Recalibrating bilateral ties after an acrimonious year, the leaders of the United States and China adopted a more pragmatic vision for future relations, diluting much of the ambitious language they used just 14 months ago.
In a joint statement issued after a series of closed-door talks between President Barack Obama and his visiting Chinese counterpart Hu Jintao, the two powers pledged greater cooperation on a host of issues, and vowed to build a "cooperative partnership based on mutual respect and mutual benefit".
The dry, matter-of-fact language of the latest document was in sharp contrast to the upbeat and visionary tone of the joint statement adopted in November 2009, when Mr Obama visited Beijing.
The 2009 document laid out, for instance, ambitious proposals on new collaborations in areas like clean energy, science and technology, public health and culture. It noted that the US and China had an "increasingly broad base of cooperation" and shared "broad common interests in the Asia-Pacific region".
It even went on to suggest that they should work together to "promote world peace, security and prosperity".
Such optimistic language seems quaint now, following a year during which the two countries clashed bitterly over economic differences, and became more suspicious of each other's military and strategic intentions in the Asia-Pacific.
Summing up the new mood of realism in bilateral ties, Mr Obama told a White House press conference: "As we look to the future, what's needed, I believe, is a spirit of cooperation that is also friendly competition.
"In (some) areas, we will cooperate, forging partnerships and making progress that neither nation can achieve alone. In other areas, we'll compete. That's the kind of relationship I see for the United States and China in the 21st century, and that's the kind of relationship that we advanced today."
Mr Hu, honoured with a White House state dinner, similarly steered clear of any grandiose vision for bilateral ties. "China is the biggest developing country, and the US, the biggest developed country. In this context, it is ultimately necessary for them to strengthen their cooperation to meet such challenges," he told the same press conference:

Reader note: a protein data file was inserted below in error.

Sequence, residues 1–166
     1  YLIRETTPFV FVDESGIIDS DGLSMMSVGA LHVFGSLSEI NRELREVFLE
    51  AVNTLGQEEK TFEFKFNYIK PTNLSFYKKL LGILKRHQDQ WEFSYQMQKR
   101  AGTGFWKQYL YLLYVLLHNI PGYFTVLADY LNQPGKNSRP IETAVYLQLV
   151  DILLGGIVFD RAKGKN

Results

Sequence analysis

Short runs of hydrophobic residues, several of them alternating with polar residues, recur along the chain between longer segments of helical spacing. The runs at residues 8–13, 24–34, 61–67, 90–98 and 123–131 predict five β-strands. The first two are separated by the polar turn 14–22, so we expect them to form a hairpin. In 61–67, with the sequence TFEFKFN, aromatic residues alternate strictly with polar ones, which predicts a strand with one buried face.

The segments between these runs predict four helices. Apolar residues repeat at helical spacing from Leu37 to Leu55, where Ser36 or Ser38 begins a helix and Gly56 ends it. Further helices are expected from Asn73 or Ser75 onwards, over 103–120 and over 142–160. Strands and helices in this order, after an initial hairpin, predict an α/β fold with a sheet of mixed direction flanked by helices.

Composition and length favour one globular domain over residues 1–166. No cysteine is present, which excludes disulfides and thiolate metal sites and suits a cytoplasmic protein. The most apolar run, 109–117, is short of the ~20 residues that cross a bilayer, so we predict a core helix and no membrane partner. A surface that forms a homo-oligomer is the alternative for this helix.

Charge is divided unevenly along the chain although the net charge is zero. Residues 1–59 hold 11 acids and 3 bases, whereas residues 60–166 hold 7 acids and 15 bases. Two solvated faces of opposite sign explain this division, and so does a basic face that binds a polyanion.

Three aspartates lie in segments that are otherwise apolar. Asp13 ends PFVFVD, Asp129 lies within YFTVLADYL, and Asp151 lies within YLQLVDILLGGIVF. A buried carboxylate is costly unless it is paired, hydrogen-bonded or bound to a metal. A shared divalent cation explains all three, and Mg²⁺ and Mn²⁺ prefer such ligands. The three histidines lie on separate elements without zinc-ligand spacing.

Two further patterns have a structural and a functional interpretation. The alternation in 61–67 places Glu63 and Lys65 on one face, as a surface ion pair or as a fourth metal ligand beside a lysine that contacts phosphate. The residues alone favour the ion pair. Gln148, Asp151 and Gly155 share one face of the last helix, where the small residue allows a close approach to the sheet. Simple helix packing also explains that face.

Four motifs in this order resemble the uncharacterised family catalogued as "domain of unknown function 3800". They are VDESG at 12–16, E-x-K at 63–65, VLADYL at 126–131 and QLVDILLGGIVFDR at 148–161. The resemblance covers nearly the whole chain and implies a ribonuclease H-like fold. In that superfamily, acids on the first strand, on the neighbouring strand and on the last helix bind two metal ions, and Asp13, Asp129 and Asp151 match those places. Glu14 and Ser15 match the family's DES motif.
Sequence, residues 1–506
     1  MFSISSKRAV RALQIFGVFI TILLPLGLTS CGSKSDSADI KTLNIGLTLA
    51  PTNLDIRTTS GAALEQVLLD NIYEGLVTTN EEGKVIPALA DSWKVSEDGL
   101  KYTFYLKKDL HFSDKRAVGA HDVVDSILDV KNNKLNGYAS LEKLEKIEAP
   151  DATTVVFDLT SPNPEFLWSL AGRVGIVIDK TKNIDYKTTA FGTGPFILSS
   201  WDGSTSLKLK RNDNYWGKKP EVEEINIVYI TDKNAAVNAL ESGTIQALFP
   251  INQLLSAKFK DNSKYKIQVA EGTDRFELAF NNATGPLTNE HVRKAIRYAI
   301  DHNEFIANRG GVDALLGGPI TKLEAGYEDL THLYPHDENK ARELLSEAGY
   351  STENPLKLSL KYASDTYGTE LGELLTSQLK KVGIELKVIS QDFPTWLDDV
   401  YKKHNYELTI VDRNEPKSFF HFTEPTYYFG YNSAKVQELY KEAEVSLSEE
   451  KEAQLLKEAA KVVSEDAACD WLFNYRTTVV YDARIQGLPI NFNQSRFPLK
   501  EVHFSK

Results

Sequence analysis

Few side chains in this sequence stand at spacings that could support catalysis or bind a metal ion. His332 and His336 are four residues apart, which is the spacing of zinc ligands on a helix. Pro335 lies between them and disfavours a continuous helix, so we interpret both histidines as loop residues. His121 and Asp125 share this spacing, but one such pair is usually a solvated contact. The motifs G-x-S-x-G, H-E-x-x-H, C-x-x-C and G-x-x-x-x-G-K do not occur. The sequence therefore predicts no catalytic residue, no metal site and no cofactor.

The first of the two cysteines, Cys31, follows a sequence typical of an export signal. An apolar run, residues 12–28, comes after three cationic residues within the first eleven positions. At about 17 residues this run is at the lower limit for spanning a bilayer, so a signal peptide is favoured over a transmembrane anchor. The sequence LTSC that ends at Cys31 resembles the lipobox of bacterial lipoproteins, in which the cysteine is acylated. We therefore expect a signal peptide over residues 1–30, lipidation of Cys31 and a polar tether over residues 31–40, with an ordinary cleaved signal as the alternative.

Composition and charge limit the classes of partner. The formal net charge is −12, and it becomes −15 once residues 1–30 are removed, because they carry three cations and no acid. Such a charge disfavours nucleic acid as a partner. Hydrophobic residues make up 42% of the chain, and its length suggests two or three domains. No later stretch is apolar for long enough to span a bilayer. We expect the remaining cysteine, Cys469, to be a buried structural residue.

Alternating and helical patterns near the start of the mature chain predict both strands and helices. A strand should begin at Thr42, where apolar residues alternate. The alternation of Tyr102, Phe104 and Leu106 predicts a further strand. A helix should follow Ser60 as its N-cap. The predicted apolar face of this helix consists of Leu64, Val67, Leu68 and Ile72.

In a further sign of reduced expectations for bilateral ties, Mr Obama was unusually forthright in his comments about two of the most sensitive topics for China -- its human rights record and Tibet.
With Mr Hu standing next to him, the US leader urged the Chinese government to enter into further dialogue with representatives of the Dalai Lama, the exiled Tibetan spiritual leader.
Hours earlier at a formal welcome ceremony, he told his Chinese guests that "societies are more harmonious, nations are more successful, and the world is more just, when the rights and responsibilities of all nations and all people are upheld".
Mr Hu did not directly respond to Mr Obama's comments on Tibet. But in answering persistent questions about China's rights record, he said the country had made a lot of progress, though "a lot still needs to be done in China, in terms of human rights".
Reporters also pressed the leaders on some of their main economic disputes in recent years, particularly Washington's complaints about the soaring trade deficit with China and the value of the yuan.
Mr Obama, who faced growing pressure from lawmakers to get tough on China's currency policy, called for the value of the yuan to rise further, but stressed that it was part of a bigger problem with global economic imbalances as well.
Despite the lack of substantial progress on these key areas of contention, the signing of a raft of multibillion-dollar trade deals and goodwill agreements allowed both sides to claim success from an otherwise modest summit.
Mr Obama announced, for instance, that Chinese and US businesses signed US$45 billion worth of export and business deals this week, a move that would help support 235,000 jobs -- a top concern among Americans. Beijing agreed to 'delink' a policy that would have disadvantaged US firms from securing government contracts in China, and would extend the loan of two pandas to a zoo in the US capital by five more years.
The lack of a major diplomatic gaffe or security breach during Mr Hu's visit also helped ease tension somewhat, as tighter security kept out would-be protesters and gatecrashers. After meeting US legislative leaders and delivering a public speech, Mr Hu left for Chicago, the second and last stop of his US visit.
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